Incredible All-Time Olympics Moments

The Olympic Games have always presented the time when people join together. It brings people of different creeds, nationalities, and races together. People often think that it is only about reaching sports excellence. While it certainly is so, there have been many moments at the Olympics that went beyond sports. Despite the numerous disciplines, some of them, such as horse racing, have never taken a part in the Olympics. That was why a lot of people who are fans never settled on watching the ones that do make it (horse jumping, for example). If you’re one of those people and you like be informed on the newest events in this sport, check out Cheltenham Festival 2021: the Sweet Pangs of Suspense as a fun read.

But going back to the Olympics in general, many incredible things that happened changed a lot in our history and actually made us think that this world can be a better place.

Here are some of the moments that happened at the Olympics that should not be forgotten.

Female Athletes Started Competing for the First Time

Today it would be unimaginable not to allow women to compete in sports. But there was a time when female athletes were not allowed to participate in the Olympics. The 1900 Paris Olympic games changed that as it was the first time women were allowed to compete.

That year, there were a total of 22 female athletes and they competed in tennis, croquet, sailing, tennis, and equestrianism. The 2012 London games were the first time that women competed in all sports and since then every competition needs to have female athletes participating.

Jesse Owens Defies Hitler

Jesse Owens will be remembered in history as one of the all-time greats to ever compete at the Olympics. But it was the 1936 Olympics held in Nazi Germany that will be the most memorable ones in his career. The tournament was organized mainly to exemplify the superiority of the Aryan race. However, Jesse, an African-American, was having none of it.

He won gold medals in the 100m, 200m, the 4x100m races, and the long jump as well. Most importantly of all, he faced and defeated Carl Ludwig Long, a favorite to win the medal; he congratulated Jesse in front of Hitler for his win.

Muhammad Ali Lights the Centenary Flame

Muhammad Ali won his Gold Olympic medal in Rome in 1960. He was a supporter of the American teams that competed at the Olympics and loved the sport and the competition. He loved the medal that he won so much that he said that he liked sleeping alongside with it in his bed. However, he did have deep ties with racial segregation in his country prompting him to change his name from Cassius Clay, under which he won the medal.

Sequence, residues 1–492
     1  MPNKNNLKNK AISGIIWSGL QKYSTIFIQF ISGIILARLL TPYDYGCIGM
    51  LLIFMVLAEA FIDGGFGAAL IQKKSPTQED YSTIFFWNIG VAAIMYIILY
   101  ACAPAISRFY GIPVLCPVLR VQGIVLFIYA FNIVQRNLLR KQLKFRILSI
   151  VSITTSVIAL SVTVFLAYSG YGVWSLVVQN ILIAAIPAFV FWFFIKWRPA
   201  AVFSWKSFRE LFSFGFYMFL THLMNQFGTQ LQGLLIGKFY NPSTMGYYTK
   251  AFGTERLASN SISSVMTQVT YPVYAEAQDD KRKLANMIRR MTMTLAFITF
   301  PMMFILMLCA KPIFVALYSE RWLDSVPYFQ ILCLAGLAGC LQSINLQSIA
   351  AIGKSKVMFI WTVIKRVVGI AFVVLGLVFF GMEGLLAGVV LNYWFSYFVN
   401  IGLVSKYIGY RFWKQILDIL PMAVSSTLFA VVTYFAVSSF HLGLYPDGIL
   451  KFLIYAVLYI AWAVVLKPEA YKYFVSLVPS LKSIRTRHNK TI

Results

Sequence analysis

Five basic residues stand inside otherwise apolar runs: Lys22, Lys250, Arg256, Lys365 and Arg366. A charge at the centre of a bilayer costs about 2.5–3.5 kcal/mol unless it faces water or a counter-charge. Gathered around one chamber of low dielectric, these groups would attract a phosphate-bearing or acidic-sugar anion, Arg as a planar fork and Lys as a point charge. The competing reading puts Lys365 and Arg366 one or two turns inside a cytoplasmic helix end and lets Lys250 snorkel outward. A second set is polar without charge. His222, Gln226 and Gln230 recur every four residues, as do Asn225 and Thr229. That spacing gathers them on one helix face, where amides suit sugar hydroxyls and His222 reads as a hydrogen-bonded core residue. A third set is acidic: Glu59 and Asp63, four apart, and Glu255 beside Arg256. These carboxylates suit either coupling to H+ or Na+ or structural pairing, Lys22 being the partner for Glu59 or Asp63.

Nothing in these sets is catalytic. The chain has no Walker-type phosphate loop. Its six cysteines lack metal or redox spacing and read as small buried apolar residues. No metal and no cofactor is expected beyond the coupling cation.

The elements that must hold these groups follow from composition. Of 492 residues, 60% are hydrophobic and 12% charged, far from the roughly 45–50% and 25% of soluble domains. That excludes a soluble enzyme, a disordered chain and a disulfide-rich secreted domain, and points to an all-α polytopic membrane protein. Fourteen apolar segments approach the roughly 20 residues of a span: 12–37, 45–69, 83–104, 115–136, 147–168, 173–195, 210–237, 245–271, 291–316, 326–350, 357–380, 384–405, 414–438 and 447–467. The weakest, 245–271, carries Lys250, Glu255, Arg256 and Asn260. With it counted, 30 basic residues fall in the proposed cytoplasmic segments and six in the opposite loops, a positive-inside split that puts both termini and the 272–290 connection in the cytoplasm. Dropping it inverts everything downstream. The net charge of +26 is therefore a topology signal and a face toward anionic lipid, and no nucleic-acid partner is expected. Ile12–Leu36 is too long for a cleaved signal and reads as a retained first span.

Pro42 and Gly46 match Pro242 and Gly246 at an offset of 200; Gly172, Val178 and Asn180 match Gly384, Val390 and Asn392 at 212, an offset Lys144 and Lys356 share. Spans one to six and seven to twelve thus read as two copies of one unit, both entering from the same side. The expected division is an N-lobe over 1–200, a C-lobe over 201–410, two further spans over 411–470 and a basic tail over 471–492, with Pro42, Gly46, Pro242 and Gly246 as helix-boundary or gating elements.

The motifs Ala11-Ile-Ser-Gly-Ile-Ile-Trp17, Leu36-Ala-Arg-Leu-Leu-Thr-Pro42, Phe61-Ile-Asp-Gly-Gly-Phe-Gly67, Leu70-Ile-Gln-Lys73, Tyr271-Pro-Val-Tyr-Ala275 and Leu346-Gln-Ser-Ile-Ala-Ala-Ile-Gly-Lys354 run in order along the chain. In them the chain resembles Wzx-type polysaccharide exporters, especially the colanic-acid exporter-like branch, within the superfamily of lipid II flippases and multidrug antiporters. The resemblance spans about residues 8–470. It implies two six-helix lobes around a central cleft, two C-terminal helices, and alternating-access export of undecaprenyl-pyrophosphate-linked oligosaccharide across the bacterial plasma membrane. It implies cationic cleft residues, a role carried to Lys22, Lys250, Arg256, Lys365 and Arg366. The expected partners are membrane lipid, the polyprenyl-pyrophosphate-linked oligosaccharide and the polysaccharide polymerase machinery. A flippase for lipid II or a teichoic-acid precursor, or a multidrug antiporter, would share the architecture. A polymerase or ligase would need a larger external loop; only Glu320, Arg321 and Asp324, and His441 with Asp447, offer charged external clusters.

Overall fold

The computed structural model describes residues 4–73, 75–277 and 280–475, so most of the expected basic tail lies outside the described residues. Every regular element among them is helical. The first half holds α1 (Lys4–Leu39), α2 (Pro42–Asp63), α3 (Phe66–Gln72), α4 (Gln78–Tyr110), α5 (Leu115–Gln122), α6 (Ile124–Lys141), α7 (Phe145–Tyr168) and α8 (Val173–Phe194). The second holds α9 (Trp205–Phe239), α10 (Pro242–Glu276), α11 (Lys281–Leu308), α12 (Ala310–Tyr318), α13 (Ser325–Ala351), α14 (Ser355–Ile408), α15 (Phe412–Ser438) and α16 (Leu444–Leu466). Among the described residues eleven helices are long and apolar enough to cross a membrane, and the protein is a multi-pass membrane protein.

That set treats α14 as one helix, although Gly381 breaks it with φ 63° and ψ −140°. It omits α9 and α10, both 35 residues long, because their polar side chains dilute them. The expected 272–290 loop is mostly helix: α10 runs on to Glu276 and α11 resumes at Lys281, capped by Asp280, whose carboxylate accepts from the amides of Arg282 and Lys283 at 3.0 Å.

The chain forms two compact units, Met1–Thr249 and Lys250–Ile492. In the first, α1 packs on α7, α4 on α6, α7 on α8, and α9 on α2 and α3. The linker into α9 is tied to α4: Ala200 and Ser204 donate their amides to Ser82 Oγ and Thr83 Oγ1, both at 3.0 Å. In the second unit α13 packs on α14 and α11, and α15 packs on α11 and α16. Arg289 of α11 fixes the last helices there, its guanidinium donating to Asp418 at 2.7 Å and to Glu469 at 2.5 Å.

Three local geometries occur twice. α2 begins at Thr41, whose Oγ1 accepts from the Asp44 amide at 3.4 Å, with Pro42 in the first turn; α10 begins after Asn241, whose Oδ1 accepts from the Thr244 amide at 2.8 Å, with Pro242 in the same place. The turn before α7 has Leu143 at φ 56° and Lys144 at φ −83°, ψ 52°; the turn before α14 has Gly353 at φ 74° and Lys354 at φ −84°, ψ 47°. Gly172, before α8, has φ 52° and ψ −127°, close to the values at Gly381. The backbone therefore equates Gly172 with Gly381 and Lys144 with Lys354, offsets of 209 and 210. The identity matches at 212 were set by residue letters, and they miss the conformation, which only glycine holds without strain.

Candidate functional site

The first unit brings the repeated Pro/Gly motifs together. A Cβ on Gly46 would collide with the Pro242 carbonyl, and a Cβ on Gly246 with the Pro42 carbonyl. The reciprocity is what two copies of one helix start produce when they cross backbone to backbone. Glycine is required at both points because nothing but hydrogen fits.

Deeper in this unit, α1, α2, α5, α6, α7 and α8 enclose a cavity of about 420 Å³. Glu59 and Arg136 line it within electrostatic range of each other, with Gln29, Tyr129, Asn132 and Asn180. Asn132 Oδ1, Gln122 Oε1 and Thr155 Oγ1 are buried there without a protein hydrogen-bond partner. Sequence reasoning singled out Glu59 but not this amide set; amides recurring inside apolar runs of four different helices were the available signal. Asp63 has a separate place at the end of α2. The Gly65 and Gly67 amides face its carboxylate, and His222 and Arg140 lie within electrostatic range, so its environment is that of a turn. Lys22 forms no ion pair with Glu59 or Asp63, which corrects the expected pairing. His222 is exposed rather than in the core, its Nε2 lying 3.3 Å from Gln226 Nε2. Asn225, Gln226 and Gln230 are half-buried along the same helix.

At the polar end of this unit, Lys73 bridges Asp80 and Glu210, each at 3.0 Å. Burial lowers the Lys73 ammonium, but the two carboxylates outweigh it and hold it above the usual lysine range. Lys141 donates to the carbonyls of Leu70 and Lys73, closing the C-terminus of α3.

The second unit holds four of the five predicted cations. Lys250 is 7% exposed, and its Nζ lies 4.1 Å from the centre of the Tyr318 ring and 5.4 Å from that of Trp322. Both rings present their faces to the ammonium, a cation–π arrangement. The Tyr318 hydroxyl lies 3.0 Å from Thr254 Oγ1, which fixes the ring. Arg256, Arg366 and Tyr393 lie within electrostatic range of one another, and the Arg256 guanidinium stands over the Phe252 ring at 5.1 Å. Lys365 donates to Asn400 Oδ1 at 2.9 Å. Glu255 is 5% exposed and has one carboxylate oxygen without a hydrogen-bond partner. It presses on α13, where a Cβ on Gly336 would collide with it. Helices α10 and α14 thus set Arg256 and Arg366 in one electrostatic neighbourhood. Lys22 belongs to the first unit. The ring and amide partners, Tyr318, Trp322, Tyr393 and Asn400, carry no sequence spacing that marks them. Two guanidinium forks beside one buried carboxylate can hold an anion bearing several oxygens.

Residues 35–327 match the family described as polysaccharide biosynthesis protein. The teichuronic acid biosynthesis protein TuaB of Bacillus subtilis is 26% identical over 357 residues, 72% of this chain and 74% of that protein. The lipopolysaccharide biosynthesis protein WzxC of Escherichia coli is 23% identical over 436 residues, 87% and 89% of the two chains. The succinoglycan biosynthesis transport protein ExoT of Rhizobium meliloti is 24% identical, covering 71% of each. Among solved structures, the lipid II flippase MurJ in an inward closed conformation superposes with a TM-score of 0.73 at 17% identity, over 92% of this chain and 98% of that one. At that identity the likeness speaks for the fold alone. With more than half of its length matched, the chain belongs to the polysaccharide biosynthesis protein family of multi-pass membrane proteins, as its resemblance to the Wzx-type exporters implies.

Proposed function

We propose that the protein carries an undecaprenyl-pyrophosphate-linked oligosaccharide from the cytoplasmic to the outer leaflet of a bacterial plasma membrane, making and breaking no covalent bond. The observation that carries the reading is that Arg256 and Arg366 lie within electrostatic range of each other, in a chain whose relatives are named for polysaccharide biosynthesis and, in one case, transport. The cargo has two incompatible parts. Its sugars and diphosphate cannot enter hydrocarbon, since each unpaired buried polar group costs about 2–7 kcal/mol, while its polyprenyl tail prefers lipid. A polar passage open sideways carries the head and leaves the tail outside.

Unfortunately, after he was refused services in an all-white restaurant he threw away his medal into the river.

Ali was then asked to come back and light the Olympic flame at the Centenary games, marking the 100 years of the existence of the Olympics. Ali was suffering from Parkinson’s at the time and went up shaking as he lit the flame. It was a heart-wrenching moment and he has also presented a substitute medal at the event.

Terror in Munich

Sadly, there is one bad moment from the Olympics that everybody wishes didn’t happen. Olympics is always credited with bringing people together and bordering disputes and national and racial segregation. But the 1972 Olympics in Munich were tattered by the vicious attack of a radical group Black September.

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The Palestinian terrorist group targeted the members of the Israeli Olympic team and managed to enter the Olympic village. They scaled the fence and were heavily armed. Their target was to capture the team members. Two Israeli athletes were killed on the spot while nine of them were kidnapped. Unfortunately, after hours of negotiation and several rescue attempts, the rest of the members were executed.

This is the soul moment which brought shame to the Olympics and will forever go down as a mark on the event.